At long last, it was time to try the duct tape method alone. No more foot baths, no more ACV, no more scalpel. Let's get specific: the first gray duct tape was the cheap brand with a picture of a silly duck on the label. Not only did it not stick well to my foot, but also it annoyed the wart. I switched to the real gray duct tape, which is much stickier. This allowed me to go 2-3 days on a single application of duct tape, but it too failed to impress the wart and I stepped it up a notch to the black Scotch 3M duct tape.

I wanted a tape solution that would not allow the wart to catch a breath of air for a week. Medical truth is not formed by consensus of opinion on the Internet, but the 'lack of air' thing sounded intriguing (and was the consensus on the Internet). Still seeing no result at all, other than a mushy foot, I bought a roll of Gorilla brand tape. The gorilla tape is very thick. I cut out a circle of it about an inch and a half in diameter and press that very hard over the wart. Over that I would lay a 4' strap of the black duct tape horizontally and another strap vertically. The straps were also put on with great tension.

The gorilla tape should not have had any different result from the other tapes, except perhaps it more thoroughly prevented the wart from getting any light or air. After five days, I removed the duct tape to find the wart decimated! It was literally crumbling in front of my eyes. Of course, I had to go get the dissection kit and use the tweezers and scalpel to remove as much of the dead tissue as possible. Again, one of the important things is not to create a bloodbath at any point during the process. Then, I covered it in gorilla tape for another five days. The pain was completely gone. After the second week, the entire mass was broken apart and removed. Instead of a giant lump on top of my foot, now there was a giant cavity appearing.

All of my slimy 'friends' were being made naked in front of me and they were cowering in fear. Within the third week of gorilla tape, they all died in large quantity and my normal skin started to rebuild and make the diameter smaller. We were finally back to the one devil who started this ordeal. To assure permanent death, I applied the gorilla tape gleefully for two more weeks, even after seeing no sign of a planter wart. It has been two weeks since the gorilla tape was put away and there are no signs of any regrowth of this monster. I think I'll go for a run in the morning -- praise the LORD!

Anonymous

I had a plantar wart that would not go away. I tried everything and the vinegar did not work. The wart pads or nail polish worked. Finally I bought Vitamin E cream. I covered the wart with the cream left it covered for 3 weeks. When I finally took the covering off the wart came off with it. My foot looks perfectly normal now. My wart was as big as a nickel.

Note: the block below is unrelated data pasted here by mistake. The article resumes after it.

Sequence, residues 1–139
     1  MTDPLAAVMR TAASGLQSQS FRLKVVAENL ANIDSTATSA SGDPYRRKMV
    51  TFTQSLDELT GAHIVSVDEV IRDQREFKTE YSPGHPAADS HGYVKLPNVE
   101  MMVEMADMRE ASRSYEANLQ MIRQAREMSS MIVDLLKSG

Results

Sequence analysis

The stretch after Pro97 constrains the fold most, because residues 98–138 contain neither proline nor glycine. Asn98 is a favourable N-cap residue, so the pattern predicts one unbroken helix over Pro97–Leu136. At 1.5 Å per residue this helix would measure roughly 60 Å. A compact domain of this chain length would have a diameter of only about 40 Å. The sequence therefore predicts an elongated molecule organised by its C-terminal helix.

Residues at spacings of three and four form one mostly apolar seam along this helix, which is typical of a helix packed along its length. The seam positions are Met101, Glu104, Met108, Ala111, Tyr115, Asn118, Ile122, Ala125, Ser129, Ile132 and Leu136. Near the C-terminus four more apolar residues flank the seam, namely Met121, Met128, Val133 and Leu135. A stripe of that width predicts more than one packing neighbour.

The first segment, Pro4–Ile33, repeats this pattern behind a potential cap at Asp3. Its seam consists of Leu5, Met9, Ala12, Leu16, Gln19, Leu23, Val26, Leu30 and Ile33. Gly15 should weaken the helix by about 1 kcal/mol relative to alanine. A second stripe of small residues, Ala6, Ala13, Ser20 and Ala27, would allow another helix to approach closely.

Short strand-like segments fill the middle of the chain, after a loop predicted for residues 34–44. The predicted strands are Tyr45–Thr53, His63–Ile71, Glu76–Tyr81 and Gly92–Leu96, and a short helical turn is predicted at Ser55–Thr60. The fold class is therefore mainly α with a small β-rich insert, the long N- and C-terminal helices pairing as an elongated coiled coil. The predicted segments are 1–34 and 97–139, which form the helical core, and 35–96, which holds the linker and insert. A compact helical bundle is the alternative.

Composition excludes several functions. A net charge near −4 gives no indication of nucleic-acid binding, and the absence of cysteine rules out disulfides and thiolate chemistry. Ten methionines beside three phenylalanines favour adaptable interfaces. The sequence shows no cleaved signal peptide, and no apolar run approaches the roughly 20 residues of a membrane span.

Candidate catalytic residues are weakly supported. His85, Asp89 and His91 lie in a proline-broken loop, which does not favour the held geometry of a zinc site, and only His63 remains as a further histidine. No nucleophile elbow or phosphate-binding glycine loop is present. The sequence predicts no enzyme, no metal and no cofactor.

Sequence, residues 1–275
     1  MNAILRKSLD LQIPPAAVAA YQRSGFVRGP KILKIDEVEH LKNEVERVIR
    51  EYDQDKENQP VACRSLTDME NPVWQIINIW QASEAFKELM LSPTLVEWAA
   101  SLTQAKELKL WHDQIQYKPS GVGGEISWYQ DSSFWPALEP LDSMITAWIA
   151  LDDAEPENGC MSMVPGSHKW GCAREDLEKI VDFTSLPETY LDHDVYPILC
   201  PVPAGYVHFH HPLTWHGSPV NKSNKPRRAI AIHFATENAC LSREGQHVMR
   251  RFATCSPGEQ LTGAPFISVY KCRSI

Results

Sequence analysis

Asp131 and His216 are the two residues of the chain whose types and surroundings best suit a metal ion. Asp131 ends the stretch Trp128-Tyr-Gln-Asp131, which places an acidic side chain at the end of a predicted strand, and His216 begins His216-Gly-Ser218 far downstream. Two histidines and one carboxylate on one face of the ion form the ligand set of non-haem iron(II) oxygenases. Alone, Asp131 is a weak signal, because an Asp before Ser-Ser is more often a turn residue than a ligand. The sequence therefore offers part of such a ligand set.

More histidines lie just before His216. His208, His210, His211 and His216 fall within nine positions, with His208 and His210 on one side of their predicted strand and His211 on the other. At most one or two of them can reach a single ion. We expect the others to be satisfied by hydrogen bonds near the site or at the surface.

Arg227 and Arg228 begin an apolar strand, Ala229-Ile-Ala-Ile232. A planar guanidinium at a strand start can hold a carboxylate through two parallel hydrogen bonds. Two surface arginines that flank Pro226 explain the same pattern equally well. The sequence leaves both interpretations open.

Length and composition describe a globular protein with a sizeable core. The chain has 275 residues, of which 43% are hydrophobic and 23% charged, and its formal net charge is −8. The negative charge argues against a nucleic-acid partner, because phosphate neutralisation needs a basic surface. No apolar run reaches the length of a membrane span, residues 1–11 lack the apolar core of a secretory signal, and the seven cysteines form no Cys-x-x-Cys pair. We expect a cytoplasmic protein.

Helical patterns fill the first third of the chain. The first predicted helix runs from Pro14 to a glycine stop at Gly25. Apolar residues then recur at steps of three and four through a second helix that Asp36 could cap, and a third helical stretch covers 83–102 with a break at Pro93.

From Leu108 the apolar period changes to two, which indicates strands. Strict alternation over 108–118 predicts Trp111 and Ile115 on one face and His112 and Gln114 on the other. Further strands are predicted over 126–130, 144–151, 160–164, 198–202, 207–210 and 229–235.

Chris

Desiccated liver tablets.

I had 3 large plantars on my feet for over 10 years. Luckily they were never painful and never made it difficult to walk...however they were the reason I would never remove my socks around people.

Over the years I tried little things such as freezing them. 2 years ago I got serious about removing them. I went to a podiatrist for the first time. When he saw my plantars he was a little in shock at the size of them, as they weren't mosaic, just individual warts.

He told me he had great success with laser removal, and so he asked permission to photograph my feet for podiatry conventions (sort of embarrassing to be honest). I went and had both feet treated by laser. I wouldn't say it was painful; but the gaping holes left on both feet were ridiculous.

A few months later my left foot was completely clear of its plantar; however my right foot actually got far worse without my notice for several months. Not only did the warts return; but where the two warts had been there was one large mosaic that had merged the two areas into one. This was extremely discouraging for me. I returned to the podiatrist and he was in shock as he said he had done several hundred laser treatments and had never heard of the warts returning to the spot that had been lasered. Go figure.

So he put my right foot under the laser again to no avail. I ended up looking all over the internet for anything that would work. I tried freezing, acid, duct tape, banana peels, even removing the flesh myself. Literally nothing had any noticeable effect on the resilient warts.

However I had had a PRN at my doctors office tell me about desiccated liver tablets working for her. I ignored her advice for a year and when I got to the point of quitting I decided to order the pills. You can't typically find them in a vitamin shop; I ordered mine on Amazon.